[5] Warfield, The Founders of Anne Arundel and Howard Counties, 285-287; Crenson, Baltimore, 209-212; The Baltimore Sun, 16 May 1853 and 2 September 1853.

[6] Warfield, The Founders of Anne Arundel and Howard Counties, 285-287; Crenson, Baltimore, 209-212; Nathania A. Branch Miles, Monday M. Miles, and Ryan J. Quick, Prince George’s County and the Civil War: Life on the Border (Charleston, SC: The History Press, 2013); Bernard Christian Steiner, Life of Henry Winter Davis (Baltimore: John Murphy Company, 1916), 113.

[7] Joshua Dorsey Warfield, The Founders of Anne Arundel and Howard Counties, Maryland (Baltimore: Kohn & Pollock, 1905), 285-287; Carl T. Hyden and Thoedore F. Sheckels, Publics Places: Sites of Political Communication (London: Lexington Books, 2016), 144; Supplement to the Maryland Code, Containing the Acts of the General Assembly, Passed at the Session of 1868 (Baltimore: John Murphy & Co., 1868), 155.

[8] The Daily Exchange, 20 April 1860; The Cecil Whig, 29 September 1860.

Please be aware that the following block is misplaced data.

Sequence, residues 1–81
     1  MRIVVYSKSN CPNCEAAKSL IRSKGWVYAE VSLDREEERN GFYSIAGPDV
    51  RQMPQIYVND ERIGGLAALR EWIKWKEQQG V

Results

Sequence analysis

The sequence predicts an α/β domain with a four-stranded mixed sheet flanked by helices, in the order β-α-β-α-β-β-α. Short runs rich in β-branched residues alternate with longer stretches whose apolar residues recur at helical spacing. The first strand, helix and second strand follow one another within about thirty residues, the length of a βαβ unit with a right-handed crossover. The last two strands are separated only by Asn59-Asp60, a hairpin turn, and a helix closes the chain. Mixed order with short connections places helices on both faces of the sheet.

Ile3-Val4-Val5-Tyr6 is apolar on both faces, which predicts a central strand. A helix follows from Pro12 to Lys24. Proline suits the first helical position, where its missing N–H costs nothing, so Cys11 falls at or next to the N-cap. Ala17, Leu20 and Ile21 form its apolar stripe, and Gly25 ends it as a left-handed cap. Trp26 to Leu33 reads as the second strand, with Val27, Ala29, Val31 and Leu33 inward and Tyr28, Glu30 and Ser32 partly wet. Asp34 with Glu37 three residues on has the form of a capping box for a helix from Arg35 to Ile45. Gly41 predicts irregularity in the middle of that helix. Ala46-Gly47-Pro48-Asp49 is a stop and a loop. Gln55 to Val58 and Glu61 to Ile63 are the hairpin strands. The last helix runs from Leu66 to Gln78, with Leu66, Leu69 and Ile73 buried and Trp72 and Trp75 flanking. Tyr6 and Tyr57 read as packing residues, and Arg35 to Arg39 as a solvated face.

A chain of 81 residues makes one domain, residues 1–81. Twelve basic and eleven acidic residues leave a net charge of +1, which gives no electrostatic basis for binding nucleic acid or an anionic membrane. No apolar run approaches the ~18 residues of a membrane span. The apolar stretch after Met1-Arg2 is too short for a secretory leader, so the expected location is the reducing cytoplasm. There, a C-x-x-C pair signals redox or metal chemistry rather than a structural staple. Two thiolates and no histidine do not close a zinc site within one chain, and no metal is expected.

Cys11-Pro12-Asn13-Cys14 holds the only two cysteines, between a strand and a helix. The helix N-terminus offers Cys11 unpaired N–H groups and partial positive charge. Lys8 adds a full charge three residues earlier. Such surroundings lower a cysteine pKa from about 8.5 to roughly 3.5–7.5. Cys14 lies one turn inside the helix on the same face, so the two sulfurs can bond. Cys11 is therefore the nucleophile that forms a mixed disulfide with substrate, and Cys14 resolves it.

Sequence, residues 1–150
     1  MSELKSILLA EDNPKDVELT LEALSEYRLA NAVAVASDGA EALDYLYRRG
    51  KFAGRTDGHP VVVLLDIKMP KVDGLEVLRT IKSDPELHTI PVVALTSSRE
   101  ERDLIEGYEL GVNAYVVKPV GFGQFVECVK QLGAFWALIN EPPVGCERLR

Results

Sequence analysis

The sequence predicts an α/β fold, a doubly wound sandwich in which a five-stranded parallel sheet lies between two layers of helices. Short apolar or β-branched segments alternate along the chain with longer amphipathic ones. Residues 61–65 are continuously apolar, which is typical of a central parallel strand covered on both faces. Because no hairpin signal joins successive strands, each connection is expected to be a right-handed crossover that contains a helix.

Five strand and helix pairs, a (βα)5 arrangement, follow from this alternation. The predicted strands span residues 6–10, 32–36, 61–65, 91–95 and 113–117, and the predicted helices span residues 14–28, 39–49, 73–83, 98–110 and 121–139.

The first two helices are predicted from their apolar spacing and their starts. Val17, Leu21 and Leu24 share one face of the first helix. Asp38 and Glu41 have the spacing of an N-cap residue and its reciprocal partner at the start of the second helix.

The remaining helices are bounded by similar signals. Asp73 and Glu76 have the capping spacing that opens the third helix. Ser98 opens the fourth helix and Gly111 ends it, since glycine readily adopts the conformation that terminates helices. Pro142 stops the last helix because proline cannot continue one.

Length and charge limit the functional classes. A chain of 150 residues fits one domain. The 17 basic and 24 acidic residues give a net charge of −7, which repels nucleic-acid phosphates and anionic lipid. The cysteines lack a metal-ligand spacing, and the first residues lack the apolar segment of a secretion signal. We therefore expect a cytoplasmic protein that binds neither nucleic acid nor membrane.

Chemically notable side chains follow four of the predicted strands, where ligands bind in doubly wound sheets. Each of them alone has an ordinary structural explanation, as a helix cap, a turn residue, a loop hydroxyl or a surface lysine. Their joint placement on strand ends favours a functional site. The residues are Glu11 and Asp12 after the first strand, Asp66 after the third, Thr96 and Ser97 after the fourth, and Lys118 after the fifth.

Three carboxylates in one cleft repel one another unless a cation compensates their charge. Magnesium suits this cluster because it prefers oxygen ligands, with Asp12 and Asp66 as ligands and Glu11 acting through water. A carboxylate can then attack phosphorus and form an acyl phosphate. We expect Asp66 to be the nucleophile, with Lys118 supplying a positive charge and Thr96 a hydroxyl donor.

[9] The Cecil Whig, 20 October 1860; The (Baltimore) Daily Exchange, 2 November 1860; The Philadelphia Inquirer, 28 September 1861, 11 August 1862, 10 June 1863, and 2 May 1865; O.H. Leigh, Chronicle of the Union League of Philadelphia, 1862 to 1902 (Philadelphia: n.p., 1902); The Union Club/Dreer Collection, 1863-1906, The Union League Legacy Foundation, Philadelphia, PA.

[10] The Cecil Whig, 14 March 1863; The Baltimore Sun, 29 September 1864, 11 October 1864, and 12 January 1865; The (Bel Air) Aegis and Intelligencer, 21 October 1864; The (Lancaster, PA) Inquirer, 26 January 1864; Thomas Swann to Abraham Lincoln, 12 November 1864, Abraham Lincoln Papers, Library of Congress; Christian G. Samito, Lincoln and the Thirteenth Amendment (Carbondale, IL: Southern Illinois University Press, 28). See also James Oakes, The Crooked Path to Abolition: Abraham Lincoln and the Antislavery Constitution (New York: W. W. Norton & Company, 2021).